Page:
John Blake's lawyers: No quid pro quo

Updated: October 4, 2010, 7:33 PM ET
By Joe Schad | ESPN.com

Agent Gary Wichard transferred money to former North Carolina assistant coach John Blake six times after December 2006, but three of the payments were for private-school tuition for Blake's son, who is Wichard's godson, according to an attorney for Blake.

Blake resigned in September after his friendship with Wichard came into question amid an NCAA review.

[+] EnlargeJohn Blake
Richard C. Lewis/Icon SMIThe lawyer for John Blake says an agent gave the former Tar Heels assistant coach money in part to pay tuition for Blake's son, who is the agent's godson.

William Beaver of GrayRobinson in Orlando also said that a $45,000 loan Blake received after his dismissal from Oklahoma was a direct loan from a bank, not a personal loan from California-based Wichard. Beaver said all banks go through an approval process and he couldn't say for sure if Wichard's connection to the bank helped Blake secure a loan.

In addition, Blake and Alabama defensive star Marcel Dareus did have contact, Beaver said. But according to the attorney, Dareus called Blake because they had developed a personal relationship during his college recruitment and Dareus' mother was ill.

An Alabama source told ESPN.com's Ivan Maisel on Sunday that Blake's calls to Dareus were at least in part to lobby him to consider employing Wichard.

But according to the attorney, Dareus told Blake that he was being besieged by calls from agents and was concerned. Blake told Dareus that he needed to focus on his mother and worry about agents later. Blake allegedly told Dareus that he had a good relationship with Wichard but that it was something to worry about in the future.

Beaver said to his knowledge Wichard did not speak directly with Dareus and that "it was surely not a recruiting call" between Blake and Dareus.

Blake's attorneys, including Wade Smith of North Carolina, said the money transfers between Wichard and Blake should be characterized as "gifts or loans" but could not say how to classify the transactions outside of the tuition payments. They stressed Blake and Wichard's close relationship and said Blake had financial hardships. The attorneys did acknowledge that the $45,000 loan took place after Blake began his employment at North Carolina.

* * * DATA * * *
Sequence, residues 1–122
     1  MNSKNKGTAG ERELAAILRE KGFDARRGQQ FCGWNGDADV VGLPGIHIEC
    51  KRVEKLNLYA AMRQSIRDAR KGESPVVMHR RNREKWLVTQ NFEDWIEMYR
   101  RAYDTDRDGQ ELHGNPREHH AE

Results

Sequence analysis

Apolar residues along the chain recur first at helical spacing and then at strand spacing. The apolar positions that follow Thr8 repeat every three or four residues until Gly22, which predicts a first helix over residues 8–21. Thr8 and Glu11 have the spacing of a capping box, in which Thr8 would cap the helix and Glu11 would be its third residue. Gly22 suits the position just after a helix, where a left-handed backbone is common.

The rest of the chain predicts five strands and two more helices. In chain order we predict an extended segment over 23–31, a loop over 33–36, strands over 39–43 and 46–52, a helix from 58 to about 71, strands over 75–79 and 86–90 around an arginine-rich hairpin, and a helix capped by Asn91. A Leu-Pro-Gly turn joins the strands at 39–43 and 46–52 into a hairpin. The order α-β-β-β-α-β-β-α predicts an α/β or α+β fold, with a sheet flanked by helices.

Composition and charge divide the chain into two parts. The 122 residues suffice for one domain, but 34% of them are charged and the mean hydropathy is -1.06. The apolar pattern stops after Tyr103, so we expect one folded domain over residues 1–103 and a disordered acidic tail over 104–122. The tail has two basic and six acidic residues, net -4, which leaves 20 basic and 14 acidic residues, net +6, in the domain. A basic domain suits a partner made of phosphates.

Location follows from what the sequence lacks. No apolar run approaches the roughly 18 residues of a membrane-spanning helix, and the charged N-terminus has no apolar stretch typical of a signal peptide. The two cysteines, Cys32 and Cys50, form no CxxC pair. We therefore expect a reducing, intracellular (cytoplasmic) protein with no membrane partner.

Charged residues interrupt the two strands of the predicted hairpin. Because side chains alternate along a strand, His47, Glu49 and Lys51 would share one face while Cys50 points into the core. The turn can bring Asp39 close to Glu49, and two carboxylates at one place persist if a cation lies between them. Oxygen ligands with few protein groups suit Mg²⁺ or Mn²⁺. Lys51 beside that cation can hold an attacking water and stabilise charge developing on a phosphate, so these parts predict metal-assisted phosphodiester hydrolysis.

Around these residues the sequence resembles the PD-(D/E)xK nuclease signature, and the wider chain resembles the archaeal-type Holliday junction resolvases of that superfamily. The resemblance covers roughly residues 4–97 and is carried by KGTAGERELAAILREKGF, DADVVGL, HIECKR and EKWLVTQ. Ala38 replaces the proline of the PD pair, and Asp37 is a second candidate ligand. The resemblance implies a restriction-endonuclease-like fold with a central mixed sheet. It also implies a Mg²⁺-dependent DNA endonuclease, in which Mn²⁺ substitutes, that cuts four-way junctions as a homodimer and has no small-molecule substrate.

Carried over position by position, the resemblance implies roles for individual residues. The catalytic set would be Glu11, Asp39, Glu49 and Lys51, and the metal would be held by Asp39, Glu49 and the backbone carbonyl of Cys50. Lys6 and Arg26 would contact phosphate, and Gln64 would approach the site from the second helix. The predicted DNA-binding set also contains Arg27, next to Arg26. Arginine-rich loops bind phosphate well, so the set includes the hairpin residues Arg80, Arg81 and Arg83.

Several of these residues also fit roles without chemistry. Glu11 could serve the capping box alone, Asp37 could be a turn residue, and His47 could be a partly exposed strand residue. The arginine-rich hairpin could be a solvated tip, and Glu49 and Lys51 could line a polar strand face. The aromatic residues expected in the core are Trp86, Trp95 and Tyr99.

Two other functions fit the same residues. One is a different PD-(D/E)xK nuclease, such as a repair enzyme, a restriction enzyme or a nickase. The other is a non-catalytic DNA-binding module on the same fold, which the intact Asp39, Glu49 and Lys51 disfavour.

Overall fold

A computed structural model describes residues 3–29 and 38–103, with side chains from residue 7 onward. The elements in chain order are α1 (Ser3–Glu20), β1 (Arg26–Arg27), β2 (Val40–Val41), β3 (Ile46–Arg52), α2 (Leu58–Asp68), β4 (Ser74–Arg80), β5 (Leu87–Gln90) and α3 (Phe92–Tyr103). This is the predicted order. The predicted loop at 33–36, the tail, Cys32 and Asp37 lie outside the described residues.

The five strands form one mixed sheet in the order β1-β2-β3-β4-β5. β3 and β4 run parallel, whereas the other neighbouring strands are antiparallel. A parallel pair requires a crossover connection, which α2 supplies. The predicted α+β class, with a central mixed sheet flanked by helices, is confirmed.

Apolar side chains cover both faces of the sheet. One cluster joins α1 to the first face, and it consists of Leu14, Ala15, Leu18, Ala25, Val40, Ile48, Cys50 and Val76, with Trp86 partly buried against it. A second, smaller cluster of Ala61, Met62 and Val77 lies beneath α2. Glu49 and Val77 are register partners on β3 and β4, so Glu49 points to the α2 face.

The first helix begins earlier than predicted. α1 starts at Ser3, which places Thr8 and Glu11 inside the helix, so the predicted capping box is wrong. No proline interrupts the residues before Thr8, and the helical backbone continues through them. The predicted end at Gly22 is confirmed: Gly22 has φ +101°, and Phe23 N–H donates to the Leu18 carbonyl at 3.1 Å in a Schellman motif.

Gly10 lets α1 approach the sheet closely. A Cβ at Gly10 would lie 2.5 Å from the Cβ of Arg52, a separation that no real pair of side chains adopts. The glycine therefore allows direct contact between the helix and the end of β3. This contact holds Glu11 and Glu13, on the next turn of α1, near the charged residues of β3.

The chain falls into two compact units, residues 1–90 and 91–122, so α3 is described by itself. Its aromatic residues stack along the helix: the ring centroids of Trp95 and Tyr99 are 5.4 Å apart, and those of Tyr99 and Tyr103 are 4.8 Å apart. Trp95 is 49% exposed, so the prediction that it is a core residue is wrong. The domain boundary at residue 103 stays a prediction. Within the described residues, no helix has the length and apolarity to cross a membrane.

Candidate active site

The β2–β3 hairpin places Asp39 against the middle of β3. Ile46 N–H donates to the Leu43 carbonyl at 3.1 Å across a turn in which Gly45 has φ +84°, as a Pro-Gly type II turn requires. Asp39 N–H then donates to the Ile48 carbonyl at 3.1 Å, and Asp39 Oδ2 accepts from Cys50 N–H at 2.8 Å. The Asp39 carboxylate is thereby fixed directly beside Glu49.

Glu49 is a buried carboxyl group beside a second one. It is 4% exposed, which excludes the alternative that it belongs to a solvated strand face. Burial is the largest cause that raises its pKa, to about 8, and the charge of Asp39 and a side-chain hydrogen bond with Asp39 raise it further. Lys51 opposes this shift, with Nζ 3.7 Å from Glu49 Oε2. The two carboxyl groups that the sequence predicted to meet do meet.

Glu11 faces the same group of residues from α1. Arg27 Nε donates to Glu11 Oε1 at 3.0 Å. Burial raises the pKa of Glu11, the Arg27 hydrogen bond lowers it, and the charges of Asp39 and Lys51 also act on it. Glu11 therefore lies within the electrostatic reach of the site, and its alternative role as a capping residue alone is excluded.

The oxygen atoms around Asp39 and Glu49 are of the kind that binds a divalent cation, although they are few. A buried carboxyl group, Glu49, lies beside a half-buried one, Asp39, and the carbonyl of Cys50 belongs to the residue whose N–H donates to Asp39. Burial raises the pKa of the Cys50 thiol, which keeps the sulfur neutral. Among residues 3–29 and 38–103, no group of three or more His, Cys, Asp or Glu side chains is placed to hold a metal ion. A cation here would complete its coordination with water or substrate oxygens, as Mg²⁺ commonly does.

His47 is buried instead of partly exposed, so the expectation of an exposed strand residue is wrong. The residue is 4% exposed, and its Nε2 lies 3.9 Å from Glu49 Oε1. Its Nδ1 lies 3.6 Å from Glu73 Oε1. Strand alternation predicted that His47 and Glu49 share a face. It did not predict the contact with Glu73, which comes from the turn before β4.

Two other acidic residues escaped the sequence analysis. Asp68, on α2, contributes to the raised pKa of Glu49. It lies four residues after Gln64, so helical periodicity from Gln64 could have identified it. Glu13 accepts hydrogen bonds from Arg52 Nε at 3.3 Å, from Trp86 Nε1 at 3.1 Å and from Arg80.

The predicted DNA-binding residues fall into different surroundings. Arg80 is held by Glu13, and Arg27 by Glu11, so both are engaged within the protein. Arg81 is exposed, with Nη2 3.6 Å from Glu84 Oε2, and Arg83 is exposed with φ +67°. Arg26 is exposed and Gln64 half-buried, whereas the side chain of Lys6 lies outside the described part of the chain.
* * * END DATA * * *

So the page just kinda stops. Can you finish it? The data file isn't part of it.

Dareus reported information about the conversations to the NCAA when it interviewed him during its investigation. The relationship between Dareus and Blake dates to when Blake recruited Dareus out of Birmingham to come to North Carolina.

Dareus, the NCAA determined, received $1,787 in airfare, hotel, transportation and meals to attend a party last spring in Miami Beach. He paid that amount to charity and the NCAA suspended him for the first two games of the season.

The NCAA expanded its investigation of Blake, a former employee of Wichard, and his financial relationship with the agent. He resigned from the university shortly thereafter.

Yahoo Sports has reported that Wichard's ties with Blake are so deep that the agent's firm issued Blake a credit card. Blake's attorneys said their client has received loans from Wichard but that he never steered players to the agent in return.

One of Blake's attorneys, Beaver, said that no matter what Dareus told the NCAA or how they interpreted it, "[Blake] has provided statements that he has never attempted to funnel, coerce or push a player." The attorneys said that includes any allegations involving former South Carolina tight end Weslye Saunders, who they said Blake did not have contact with since high school recruitment.

On Monday, North Carolina coach Butch Davis again offered an apology for how the NCAA probe of agent-related benefits and possible academic misconduct involving a tutor has "tainted" the football program.

Davis said he is "sorry" he trusted Blake.

Joe Schad is a college football reporter or ESPN. Information from ESPN.com's Ivan Maisel and The Associated Press was used in this report.

Joe Schad

College Football

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